Sean has earned the right to be with us and start the season here. We have a nine game window where we can audition him and determine whether he will remain with us in Calgary this season or whether we’ll send him back to the OHL and his junior team. - Jay FeasterCALGARY, AB -- Sean Monahan
is sticking around a little longer.
The 18-year-old is among the 23 names on the Calgary Flames’ opening day roster and could make his NHL debut in Calgary’s season-opener Thursday against the Washington Capitals.
But where Monahan goes after that is up to him, according to general manager Jay Feaster.
“Sean has earned the right to be with us and start the season here,” Feaster said. “We have a nine-game window where we can audition him and determine whether he will remain with us in Calgary this season or whether we’ll send him back to the OHL and his junior team.
“We will continue to monitor Sean’s progress on a daily basis. We’ll see how he stacks up, how the game comes to him, what kind of ice time he gets, and then we’ll make a decision we believe to be in the best interest of both Sean Monahan’s continued development and also in the best interest of the Calgary Flames organization.”
Monahan, selected sixth overall in the 2013 NHL Draft last June, had two goals and three points and was plus-1 in five pre-season games.
His play earned rave reviews from Brian Burke, Calgary’s newly appointed president of hockey operations.
“I’m very impressed with our first round pick,” Burke said. “I had nothing to do with Mr. Monahan being selected so when I say that, I’m obviously not taking any ownership of that but I’m very impressed with him.”
Working in the Anaheim Ducks organization as a part-time scout, Burke identified Monahan long before joining the Flames.
Up close, he hasn’t disappointed Burke.
“The way we rated him in Anaheim was we felt he had a real high hockey IQ with a big body and pretty high compete level,” Burke said. “That’s usually a good combination and he’s demonstrated just those things here. He does compete. He hasn’t been as physical as he was in junior but that’s not unusual for an 18-year-old, but his skill level and his reading of the plays and the plays he makes -- he has soft hands for a big man -- I am impressed.”
Historically, Burke has been against keeping 18-year-olds on his roster.
As general manager of the Ducks in 2005, he sent second overall pick Bobby Ryan back to the Owen Sound Attack. Nazem Kadri, selected seventh overall in 2009, was returned to the London Knights when Burke served as GM of the Toronto Maple Leafs.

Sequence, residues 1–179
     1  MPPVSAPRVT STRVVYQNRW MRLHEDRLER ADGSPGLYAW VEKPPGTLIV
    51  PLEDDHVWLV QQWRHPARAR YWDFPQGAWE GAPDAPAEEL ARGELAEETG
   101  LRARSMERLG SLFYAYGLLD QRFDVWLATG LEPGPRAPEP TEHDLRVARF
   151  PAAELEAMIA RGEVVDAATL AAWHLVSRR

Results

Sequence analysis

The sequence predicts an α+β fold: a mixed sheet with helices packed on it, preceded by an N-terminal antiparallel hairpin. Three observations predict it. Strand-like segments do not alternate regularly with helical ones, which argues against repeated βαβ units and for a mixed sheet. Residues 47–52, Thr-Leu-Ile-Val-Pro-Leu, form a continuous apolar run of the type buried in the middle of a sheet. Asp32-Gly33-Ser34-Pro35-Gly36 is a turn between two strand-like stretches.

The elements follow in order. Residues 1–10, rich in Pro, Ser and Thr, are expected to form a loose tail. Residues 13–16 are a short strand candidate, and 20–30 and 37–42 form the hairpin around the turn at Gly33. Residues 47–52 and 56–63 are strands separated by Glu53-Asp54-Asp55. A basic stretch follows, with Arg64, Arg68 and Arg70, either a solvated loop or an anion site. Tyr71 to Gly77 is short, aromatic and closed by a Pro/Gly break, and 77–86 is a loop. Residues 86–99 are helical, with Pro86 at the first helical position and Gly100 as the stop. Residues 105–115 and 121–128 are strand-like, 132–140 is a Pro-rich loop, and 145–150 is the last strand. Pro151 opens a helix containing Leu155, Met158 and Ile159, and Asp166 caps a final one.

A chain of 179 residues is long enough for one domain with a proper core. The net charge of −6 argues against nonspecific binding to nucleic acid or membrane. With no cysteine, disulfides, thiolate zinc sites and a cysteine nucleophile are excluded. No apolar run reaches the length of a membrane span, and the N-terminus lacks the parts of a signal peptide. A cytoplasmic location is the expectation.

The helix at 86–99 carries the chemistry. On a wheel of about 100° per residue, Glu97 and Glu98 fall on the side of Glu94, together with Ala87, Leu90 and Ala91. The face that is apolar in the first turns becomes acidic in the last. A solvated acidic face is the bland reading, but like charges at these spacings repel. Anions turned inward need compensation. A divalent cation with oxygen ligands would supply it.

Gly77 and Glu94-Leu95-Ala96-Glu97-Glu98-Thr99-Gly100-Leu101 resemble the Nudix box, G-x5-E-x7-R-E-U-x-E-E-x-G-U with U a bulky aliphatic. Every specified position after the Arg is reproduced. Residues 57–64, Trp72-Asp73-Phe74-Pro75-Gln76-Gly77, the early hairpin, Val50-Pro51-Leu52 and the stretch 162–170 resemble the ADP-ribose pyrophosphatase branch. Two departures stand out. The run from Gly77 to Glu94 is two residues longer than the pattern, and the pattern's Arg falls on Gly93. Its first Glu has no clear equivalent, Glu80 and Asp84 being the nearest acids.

Monahan, at least temporarily, has avoided returning to the Ottawa 67’s.
He’s expected to get at least nine games in with the Flames. Game 10 kick starts the first year of Monahan’s three-year, entry level deal.
That’s when Feaster needs to make a decision on the prospect.
But the Flames’ GM has time on his side.
“One of the nice parts about the nine-game audition is that we decide when those nine games will take place,” Feaster said. “They don’t have to be the first nine. They can be spread over the course of three months if we decided we wanted to do it.”
How coach Bob Hartley utilizes the 6-foot-2, 185-pound pivot weighs heavily on whether or not Monahan sees a 10th game, according to Burke.
“The challenge to Bob is going to be if you guarantee Jay that this kid is going to play so many minutes and he can stay and in these situations, power play time and so on,” Burke said. “If not, going back to the CHL, it’s almost never hurt a player to go back.
“They say players are bored when they go back. Players get bad habits when they get back. Sometimes they do, but that’s our player development guy’s job. That’s Ronnie Sutter’s job to make sure that doesn’t happen.
“I think they’re two good outcomes and I think Sean is going to dictate which one with his play early and whether he can justify the minutes and situational ice time that we would need to keep him here.”